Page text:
Written by Barbara Matic
During the On-Site Seminar 2019, over 30 companies across Asia and the Americas were visited by the four projects. As you might imagine handshakes are not as common everywhere as here in Europe and neither are business practices. In order to prepare you for your future international career we have summarized our main learnings and insights gained from the four international student projects.
When entering a company in the United States, the connectUS team was always warmly welcomed with a friendly smile and a “how are you today?”. Every meeting usually starts with a small talk about the weather, sports or in our case about the arrival in the United States. Nevertheless, since time is considered money the meeting quickly gets straight to the point and an interesting and well-structured presentation gives us an introduction to a topic. In return for their professional preparation also interaction, participation and concentration are expected from the participants. And of course, there was always enough time for Q&A sessions and networking. Networking is highly valued and seen as central to success and progress in your career. In general, Americans enjoy learning from each other and value advice from experts which is also a huge reason why mentoring programs are existent and important in business. When comparing business practices to Swiss culture, we could draw some inspirations from the American openness and friendliness towards others.
India’s culture is highly heterogeneous and thus there are vast differences between regions. Hence, these observations from the Focus India project are largely simplified and only provide a glimpse of the Indian culture.
Common business etiquettes to be sensitive about are:
- A hand shake or namaste greeting and exchanging business cards is a standard greeting procedure when meeting people the first time.
- The personal distance while talking is much closer than it is for us. Be aware of this and adjust if you feel uncomfortable.
- Relationship management is highly important for building a trust base. For instance, Indians generally enjoy doing social activities after work.
- Indians tend to never say no. This can be explained by fact of Indian’s attitude of “it will work”. Hence, it is crucial to have the ability to read between the lines, especially in contract negotiations, and to be patient in any matter.
- Last but not least, Indians generally have quite a short-term orientation and prefer to confirm at short notice, given their ability of high adaptation. It can be especially challenging for us Swiss because we tend to be long-term planners. Therefore, be ready to remind often, to have a polite nature and to be utmost patient. In most cases, it all works out – as it did throughout our entire On-Site Seminar.
Business etiquettes in ASEAN region should be intensively considered in the perspective of understanding beliefs and cultural habits of each country in the region, and not only when it comes to the exchange of business cards. In all three countries exploreASEAN visited during the On-Site Seminar, Indonesia, Singapore, and Vietnam, hierarchy, especially based on positions, is very important in business decision making. This is completely different from Switzerland in particular and Western countries in general where the hierarchies among people tend to be gradually blurred.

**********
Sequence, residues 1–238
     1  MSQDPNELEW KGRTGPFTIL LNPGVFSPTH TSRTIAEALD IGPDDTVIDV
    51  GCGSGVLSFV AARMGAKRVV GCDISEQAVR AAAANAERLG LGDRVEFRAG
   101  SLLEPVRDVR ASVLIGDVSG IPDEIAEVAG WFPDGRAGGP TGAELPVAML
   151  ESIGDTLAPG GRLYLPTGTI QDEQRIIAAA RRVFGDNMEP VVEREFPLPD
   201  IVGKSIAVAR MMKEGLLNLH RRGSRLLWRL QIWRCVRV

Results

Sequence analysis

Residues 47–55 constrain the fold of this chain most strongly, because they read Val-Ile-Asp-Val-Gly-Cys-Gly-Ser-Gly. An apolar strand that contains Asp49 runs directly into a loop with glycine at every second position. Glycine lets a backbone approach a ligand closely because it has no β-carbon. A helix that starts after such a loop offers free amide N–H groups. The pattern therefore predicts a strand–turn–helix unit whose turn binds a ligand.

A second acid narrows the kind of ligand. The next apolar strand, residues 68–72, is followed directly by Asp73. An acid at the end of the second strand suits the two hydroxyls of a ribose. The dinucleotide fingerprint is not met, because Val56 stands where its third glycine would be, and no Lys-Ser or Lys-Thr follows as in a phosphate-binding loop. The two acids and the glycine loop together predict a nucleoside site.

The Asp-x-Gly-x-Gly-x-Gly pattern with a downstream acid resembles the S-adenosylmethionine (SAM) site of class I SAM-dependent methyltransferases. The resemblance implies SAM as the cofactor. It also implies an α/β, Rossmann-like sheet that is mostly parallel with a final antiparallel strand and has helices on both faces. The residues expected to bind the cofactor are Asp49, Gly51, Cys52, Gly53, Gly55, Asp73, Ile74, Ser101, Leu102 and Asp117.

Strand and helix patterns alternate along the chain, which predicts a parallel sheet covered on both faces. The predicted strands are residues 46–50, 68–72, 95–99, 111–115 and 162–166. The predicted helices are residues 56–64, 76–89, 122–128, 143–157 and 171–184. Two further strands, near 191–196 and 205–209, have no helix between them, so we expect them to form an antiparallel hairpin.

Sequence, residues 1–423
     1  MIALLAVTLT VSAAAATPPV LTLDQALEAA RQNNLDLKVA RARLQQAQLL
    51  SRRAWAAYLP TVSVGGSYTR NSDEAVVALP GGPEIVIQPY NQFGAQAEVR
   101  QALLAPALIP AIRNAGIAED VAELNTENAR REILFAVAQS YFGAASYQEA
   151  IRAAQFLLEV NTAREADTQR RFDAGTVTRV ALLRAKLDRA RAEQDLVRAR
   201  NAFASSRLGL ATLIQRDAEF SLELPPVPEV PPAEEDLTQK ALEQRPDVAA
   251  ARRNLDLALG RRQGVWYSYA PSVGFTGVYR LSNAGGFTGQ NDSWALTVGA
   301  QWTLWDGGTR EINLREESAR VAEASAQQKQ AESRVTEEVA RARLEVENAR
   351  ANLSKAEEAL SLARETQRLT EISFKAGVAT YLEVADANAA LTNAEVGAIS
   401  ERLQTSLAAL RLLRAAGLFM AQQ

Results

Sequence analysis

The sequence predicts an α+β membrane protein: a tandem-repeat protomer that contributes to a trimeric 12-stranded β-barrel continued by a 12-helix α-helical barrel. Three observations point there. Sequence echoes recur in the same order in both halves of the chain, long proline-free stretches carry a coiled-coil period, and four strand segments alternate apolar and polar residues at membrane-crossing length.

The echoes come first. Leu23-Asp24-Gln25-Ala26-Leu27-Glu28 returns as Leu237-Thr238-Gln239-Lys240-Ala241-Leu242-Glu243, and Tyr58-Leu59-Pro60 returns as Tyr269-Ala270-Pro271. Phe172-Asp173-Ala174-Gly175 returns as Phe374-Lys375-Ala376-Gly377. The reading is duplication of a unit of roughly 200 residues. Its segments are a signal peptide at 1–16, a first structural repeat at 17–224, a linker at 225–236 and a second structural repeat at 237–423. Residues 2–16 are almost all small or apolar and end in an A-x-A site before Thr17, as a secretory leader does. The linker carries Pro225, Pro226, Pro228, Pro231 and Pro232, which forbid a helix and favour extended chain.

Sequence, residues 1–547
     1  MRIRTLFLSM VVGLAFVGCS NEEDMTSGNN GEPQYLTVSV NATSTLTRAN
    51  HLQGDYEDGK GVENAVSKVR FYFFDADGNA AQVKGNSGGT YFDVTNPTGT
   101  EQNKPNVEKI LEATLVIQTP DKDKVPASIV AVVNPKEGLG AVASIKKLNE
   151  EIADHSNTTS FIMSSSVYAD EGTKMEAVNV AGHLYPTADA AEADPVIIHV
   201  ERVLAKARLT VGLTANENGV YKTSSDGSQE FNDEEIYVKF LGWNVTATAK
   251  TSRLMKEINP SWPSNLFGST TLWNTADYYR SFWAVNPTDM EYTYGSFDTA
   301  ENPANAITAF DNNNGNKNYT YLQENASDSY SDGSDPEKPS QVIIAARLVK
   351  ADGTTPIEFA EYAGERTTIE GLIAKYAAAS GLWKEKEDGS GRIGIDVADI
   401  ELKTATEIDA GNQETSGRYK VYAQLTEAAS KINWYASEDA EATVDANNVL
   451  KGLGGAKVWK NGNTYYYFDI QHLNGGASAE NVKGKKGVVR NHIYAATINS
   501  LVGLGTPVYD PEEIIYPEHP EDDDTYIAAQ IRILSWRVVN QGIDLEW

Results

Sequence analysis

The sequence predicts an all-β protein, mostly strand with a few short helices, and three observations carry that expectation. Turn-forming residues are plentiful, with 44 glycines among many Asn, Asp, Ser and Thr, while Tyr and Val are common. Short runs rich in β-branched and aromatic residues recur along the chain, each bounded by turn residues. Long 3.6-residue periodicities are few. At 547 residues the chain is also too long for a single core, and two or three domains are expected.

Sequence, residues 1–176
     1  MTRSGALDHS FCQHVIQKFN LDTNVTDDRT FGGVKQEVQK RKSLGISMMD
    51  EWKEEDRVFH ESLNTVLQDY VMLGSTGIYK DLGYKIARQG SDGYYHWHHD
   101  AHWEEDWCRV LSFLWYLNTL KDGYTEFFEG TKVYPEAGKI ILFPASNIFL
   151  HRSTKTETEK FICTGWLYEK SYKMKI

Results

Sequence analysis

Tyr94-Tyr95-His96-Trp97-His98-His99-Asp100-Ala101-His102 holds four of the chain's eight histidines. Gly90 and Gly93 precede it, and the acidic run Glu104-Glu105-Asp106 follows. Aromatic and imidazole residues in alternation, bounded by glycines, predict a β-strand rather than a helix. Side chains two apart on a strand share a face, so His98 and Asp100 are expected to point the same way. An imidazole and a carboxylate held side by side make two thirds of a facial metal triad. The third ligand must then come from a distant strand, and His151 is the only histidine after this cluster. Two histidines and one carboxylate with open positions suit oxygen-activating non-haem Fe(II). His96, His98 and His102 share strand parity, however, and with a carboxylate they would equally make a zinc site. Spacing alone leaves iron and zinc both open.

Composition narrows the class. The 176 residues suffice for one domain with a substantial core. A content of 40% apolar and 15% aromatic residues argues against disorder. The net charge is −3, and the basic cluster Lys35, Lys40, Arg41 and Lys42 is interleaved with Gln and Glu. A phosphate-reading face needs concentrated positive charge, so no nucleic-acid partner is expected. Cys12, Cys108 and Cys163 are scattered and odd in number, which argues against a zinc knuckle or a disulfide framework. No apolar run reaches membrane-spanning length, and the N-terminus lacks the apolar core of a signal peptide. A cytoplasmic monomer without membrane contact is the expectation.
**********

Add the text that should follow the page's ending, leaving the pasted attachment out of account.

Besides, while having company visits and the Swiss embassy visit in these countries, we recognized one of the remarkable points in the business etiquettes here is that business relationships are mainly based on trust and familiarity. Although creating business relationships can take longer time than sealing a quick deal, it is considered as a key criterion for doing successful business in ASEAN.
This year, Insight China had the honor to visit ChemChina for the first time. During the Q&A session at the office of ChemChina in Beijing, we discussed the challenges European workers face in China and vise versa. The people at ChemChina mentioned that the Europeans tend to think very logical to solve problems, and that the Chinese people have a broader perspective on solving problems. We also learned that the Chinese think quite a lot about ideas and solutions, but are very cautious when it comes to expressing their opinion. For a successful outcome in business meetings between Europeans and Chinese, it’s important to ask further targeted questions to the Chinese business people.
Guanxi is an important part of the business culture in China. Guanxi stands for relationships or networks, that may result in the exchanges of favors. Good Guanxi can be crucial to opening doors otherwise closed. The drinking culture in China plays an important role in cultivating Guanxi. In Lanzhou, we were invited to a banquet, where we had many rounds of toasting and saying the phrase “Gān Bēi” (干杯), which literally means “drain your glass dry”. For many years, important business transactions were closed around a banquet table between endless glasses of alcohol. In this sense, Gan Bei – to our successful On-Site Seminar in China!